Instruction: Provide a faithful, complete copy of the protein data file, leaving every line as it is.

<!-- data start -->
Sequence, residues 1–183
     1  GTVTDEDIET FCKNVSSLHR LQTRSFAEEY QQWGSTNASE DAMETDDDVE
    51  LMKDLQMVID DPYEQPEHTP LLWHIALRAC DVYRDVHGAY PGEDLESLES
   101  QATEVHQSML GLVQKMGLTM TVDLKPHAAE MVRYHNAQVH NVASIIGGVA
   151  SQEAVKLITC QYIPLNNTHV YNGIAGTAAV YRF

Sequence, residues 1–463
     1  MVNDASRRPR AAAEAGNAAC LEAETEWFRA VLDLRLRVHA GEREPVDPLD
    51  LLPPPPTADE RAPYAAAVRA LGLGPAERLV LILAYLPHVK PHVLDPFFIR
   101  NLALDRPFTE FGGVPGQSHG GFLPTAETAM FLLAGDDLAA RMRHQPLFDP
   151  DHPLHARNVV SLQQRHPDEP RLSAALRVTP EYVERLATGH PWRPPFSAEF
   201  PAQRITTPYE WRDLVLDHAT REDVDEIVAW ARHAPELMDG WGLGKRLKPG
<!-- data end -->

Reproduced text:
Sequence, residues 1–183
     1  GTVTDEDIET FCKNVSSLHR LQTRSFAEEY QQWGSTNASE DAMETDDDVE
    51  LMKDLQMVID DPYEQPEHTP LLWHIALRAC DVYRDVHGAY PGEDLESLES
   101  QATEVHQSML GLVQKMGLTM TVDLKPHAAE MVRYHNAQVH NVASIIGGVA
   151  SQEAVKLITC QYIPLNNTHV YNGIAGTAAV YRF

Sequence, residues 1–463
     1  MVNDASRRPR AAAEAGNAAC LEAETEWFRA VLDLRLRVHA GEREPVDPLD
    51  LLPPPPTADE RAPYAAAVRA LGLGPAERLV LILAYLPHVK PHVLDPFFIR
   101  NLALDRPFTE FGGVPGQSHG GFLPTAETAM FLLAGDDLAA RMRHQPLFDP
   151  DHPLHARNVV SLQQRHPDEP RLSAALRVTP EYVERLATGH PWRPPFSAEF
   201  PAQRITTPYE WRDLVLDHAT REDVDEIVAW ARHAPELMDG WGLGKRLKPG